Tagged: Mecha

Tabletop Game Review: Acceptable Loss

It’s been a while since I reviewed one of these narrative games, but a recent conversation about the RPG Dread and its use of a physical, inevitable death timer in a Jenga tower to evoke the progression of a horror film got me revisiting a game from the collection I downloaded.

Acceptable Loss (by @rpgnatalieis a simple game, although perhaps a little more complex than Dread in order to expand the theming and add an almost competitive element. It sits in a very strange place between competition and co-operation as, in contrast to the usual social contract that the GM-player relationship should be more than simple hostility the “GM” figure (or closest analogue as there is not a usual table power structure here) plays an embodiment of hostility pushing inevitably towards the other character’s death.

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Tabletop Game Review: Laser Beams Like So Many Stars

This article was originally written for Who Dares Rolls (www.whodaresrolls.com) and is reproduced here with permission.

Laser Beams… is by Taylor Smith (@whimsymachine)

In the game’s own words, its premise is as follows:

“You are a huge fan of mechs and their amazing pilots. You love to watch their heroics on the news, you visit when pilots come to your town, you own multiple letterman jackets emblazoned with mech pilots’ insignias. You’re burdened with the dream of piloting, eclipsed by the fear that you will never be more than a spectator. You love that which is unfathomably above you. Let’s talk about that.”

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Tabletop Game Review – 6 Minutes of Power Remaining

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This article was originally written for Who Dares Rolls (www.whodaresrolls.com) and is reproduced here with permission.

Note: This article also includes some references to personal experiences of death and loss, and discusses those themes.

6 Minutes of Power Remaining is by Kris Ruff

A lot of the games in the Emotional Mecha Jam focus on humanising the mech in these mecha stories – often through making it a role played by a player, whether or not it is actually a sentient AI. This opens the theming of the games up to wider questions touching on those explored by cyberpunk fiction; whether or not a meaningful bond can exist between a human and an inanimate, or non-sapient object. And, indeed, when one considers the relationships forged in war between human and AI, there is the question of whether something made as a weapon can feel friendship or love.

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Tabletop Game Review – Death Sentence

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This article was originally written for Who Dares Rolls (www.whodaresrolls.com) and is reproduced here with permission.

Note: This article also includes some references to personal experiences of death and loss, and discusses those themes in detail.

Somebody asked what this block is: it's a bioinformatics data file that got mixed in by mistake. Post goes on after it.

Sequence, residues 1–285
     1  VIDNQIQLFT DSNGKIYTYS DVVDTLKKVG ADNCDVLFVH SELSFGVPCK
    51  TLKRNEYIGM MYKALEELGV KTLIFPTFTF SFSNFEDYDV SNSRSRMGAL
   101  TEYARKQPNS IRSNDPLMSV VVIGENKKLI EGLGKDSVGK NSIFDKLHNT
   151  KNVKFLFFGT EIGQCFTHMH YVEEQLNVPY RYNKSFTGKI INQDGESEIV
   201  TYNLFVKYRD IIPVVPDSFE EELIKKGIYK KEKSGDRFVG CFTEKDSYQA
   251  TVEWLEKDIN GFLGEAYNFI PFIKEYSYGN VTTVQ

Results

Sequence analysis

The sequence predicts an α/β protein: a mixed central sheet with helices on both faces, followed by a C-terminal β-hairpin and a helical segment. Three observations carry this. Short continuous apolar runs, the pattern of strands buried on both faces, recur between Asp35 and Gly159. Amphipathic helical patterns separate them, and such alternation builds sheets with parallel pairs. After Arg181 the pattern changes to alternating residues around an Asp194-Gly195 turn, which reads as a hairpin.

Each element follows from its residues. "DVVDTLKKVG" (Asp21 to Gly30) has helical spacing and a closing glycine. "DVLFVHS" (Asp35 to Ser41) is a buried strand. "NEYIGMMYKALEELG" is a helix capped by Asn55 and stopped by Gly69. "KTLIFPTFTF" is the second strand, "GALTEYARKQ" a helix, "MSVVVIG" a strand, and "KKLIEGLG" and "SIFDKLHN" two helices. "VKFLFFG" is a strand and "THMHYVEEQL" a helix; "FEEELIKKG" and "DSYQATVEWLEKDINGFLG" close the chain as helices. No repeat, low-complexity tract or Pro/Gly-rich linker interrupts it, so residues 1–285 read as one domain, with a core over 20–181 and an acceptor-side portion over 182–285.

It took a lot longer than I initially assumed it would for me to find the right words to review Jeff Ellis’ (@manyeyedmonster’s) Death Sentence; I thought it would be a straightforward review, as I had very easily discussed the thematically similar 36 Minutes as an exploration of unglamorous death in military science-fiction. I think I needed time to unpack my thoughts, and perhaps the immediacy of my response to 36 Minutes was part of why I couldn’t launch straight into forming opinions on Death Sentence. Any game that goes into death beyond killing as a natural mechanic of conflict resolution is going to be personal, and potentially troubling, for the player. You could very well say that even in a game where the expectation is one will fight death should be personal and troubling.

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Tabletop Game Review – 36 Minutes

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This article was originally written for Who Dares Rolls (www.whodaresrolls.com) and is reproduced here with permission.

Note: This article also includes some references to experiences of death and loss, and discusses those themes in detail.

Christine Prevas’ (@cprevas) 36 Minutes is not an enjoyable game to play. It sits strangely within the genre it evokes because it plays out in real time a very particular sequence of suffering and death that absolutely would have a huge, unwelcome emotional impact on some players. You could roleplay it differently, and if anything make it more fitting within its genre, but I think doing so would require a significant distancing between player and character that the game does not necessarily encourage. Perhaps that is the intention; it certainly feels like something intended to take players out of the safely expected bravado of what is often a heroic, noble kind of war story. On the other hand, if you are trying to do something like that, something that wholly subverts the usual methods of a genre to question its implicit associations, that in turn is an act which needs interrogation.